At the edge of the Russian wilderness, winter lasts most of the year and the snowdrifts grow taller than houses. But Vasilisa doesn’t mind–she spends the winter nights huddled around the embers of a fire with her beloved siblings, listening to her nurse’s fairy tales. Above all, she loves the chilling story of Frost, the blue-eyed winter demon, who appears in the frigid night to claim unwary souls. Wise Russians fear him, her nurse says, and honor the spirits of house and yard and forest that protect their homes from evil.
After Vasilisa’s mother dies, her father goes to Moscow and brings home a new wife. Fiercely devout, city-bred, Vasilisa’s new stepmother forbids her family from honoring the household spirits. The family acquiesces, but Vasilisa is frightened, sensing that more hinges upon their rituals than anyone knows.
And indeed, crops begin to fail, evil creatures of the forest creep nearer, and misfortune stalks the village. All the while, Vasilisa’s stepmother grows ever harsher in her determination to groom her rebellious stepdaughter for either marriage or confinement in a convent.
As danger circles, Vasilisa must defy even the people she loves and call on dangerous gifts she has long concealed–this, in order to protect her family from a threat that seems to have stepped from her nurse’s most frightening tales.
This book was so magical and amazing. Everyone has been recommending this book to me and now I see why. It was so beautifully written, It is a great winter read. This book was feminist and you get to watch the main character grow up, which is something you do not get to do often in Ya. I thoroughly enjoyed every minute of this Russia fairytale feminist kickass book.
Your MC Vasilisa grows up in a small village on the outside of Moscow. Vasilisa spends her child and teen years exploring and running wild through the forest of her father’s land, like her mother and she does it to also escape from her stepmother. Nature is kept in balance and Vasya enjoys talking with various guardians/demons until one day the beast comes to town and ends up threating her brother and making her father promise to give Vasilia a necklace and the changes this puts in place begin to tip the order of things.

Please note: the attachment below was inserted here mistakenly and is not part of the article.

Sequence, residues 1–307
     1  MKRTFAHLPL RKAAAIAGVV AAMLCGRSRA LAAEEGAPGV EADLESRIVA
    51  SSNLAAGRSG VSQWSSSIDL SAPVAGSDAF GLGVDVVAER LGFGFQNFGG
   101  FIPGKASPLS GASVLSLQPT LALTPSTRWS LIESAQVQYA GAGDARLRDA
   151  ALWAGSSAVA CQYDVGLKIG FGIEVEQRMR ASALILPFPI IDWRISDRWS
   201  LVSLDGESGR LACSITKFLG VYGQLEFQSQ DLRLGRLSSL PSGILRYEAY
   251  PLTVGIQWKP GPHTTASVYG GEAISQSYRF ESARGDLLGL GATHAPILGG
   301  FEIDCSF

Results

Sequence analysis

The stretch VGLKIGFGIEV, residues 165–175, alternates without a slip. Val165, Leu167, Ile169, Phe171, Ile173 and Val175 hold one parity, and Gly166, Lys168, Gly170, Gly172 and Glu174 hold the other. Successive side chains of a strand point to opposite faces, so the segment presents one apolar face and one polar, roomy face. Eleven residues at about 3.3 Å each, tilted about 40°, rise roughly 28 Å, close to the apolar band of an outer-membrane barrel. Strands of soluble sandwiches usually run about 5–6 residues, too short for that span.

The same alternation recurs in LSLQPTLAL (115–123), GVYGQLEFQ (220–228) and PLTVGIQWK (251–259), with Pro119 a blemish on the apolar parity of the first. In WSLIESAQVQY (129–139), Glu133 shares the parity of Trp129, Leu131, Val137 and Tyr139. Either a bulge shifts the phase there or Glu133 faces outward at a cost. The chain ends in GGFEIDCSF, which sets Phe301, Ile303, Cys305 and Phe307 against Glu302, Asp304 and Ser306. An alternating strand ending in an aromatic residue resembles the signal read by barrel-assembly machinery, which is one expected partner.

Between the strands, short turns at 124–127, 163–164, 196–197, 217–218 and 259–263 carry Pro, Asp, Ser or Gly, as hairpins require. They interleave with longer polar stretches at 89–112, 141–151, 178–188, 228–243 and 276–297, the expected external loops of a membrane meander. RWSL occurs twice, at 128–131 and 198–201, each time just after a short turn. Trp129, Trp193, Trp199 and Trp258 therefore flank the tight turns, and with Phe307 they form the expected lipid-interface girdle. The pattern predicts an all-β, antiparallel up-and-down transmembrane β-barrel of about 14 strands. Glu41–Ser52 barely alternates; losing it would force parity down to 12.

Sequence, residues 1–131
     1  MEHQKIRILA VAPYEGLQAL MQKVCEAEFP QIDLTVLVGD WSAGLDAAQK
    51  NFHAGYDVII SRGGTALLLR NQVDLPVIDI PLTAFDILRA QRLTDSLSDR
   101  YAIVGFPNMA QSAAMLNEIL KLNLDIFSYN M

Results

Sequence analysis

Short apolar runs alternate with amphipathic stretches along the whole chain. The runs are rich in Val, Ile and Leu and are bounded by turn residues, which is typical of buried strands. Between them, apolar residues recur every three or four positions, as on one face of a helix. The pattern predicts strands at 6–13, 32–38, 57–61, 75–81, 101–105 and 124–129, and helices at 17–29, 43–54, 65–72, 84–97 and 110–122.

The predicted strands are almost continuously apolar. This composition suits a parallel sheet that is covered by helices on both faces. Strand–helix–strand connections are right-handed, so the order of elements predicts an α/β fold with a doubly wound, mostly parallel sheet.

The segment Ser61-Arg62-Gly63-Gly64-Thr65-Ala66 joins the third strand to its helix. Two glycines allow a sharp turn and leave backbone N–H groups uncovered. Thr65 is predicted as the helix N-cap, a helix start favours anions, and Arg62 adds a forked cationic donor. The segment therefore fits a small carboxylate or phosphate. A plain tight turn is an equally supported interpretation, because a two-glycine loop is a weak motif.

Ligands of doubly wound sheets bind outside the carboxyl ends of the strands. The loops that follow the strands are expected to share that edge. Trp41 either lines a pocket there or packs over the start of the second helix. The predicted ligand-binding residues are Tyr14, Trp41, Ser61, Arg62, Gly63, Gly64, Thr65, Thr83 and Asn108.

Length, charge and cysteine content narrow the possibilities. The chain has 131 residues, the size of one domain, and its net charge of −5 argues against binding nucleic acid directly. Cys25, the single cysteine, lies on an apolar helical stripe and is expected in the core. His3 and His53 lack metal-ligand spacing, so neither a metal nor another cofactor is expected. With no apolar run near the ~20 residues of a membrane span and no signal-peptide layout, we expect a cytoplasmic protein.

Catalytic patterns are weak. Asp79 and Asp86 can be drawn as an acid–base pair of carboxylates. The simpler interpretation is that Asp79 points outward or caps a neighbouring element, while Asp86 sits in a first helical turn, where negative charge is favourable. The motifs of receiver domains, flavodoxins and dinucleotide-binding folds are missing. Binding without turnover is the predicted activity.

A beast, known as the bringer of storms, has woken and, with the help of this stranger, has begun to slip the control that Morozko, Lord of Winter has over him. Soon a battle will take place between the two brothers and Vasya is the key to help bring some form of peace back into the village.
One aspect I loved about this book was how to author dealt with Christianity. In this book, you have a priest who is basically broken and doesn’t honor others beliefs, so when he comes in he makes others forget how to be respectful and still honor others beliefs and rituals, it essentially is what stirs up all the trouble with the old spirits. As Church of Christ, I don’t think the author was criticizing the faith at all. I personally loved this aspect of the book the most overall.
Overall this book was fantastic. The climax came a bit early in the book for me and I caught myself re-reading paragraphs to understand some of what happened, but I enjoyed it. Have you read the Bear and The Nightingale? Why Haven’t You? What did you think of this book?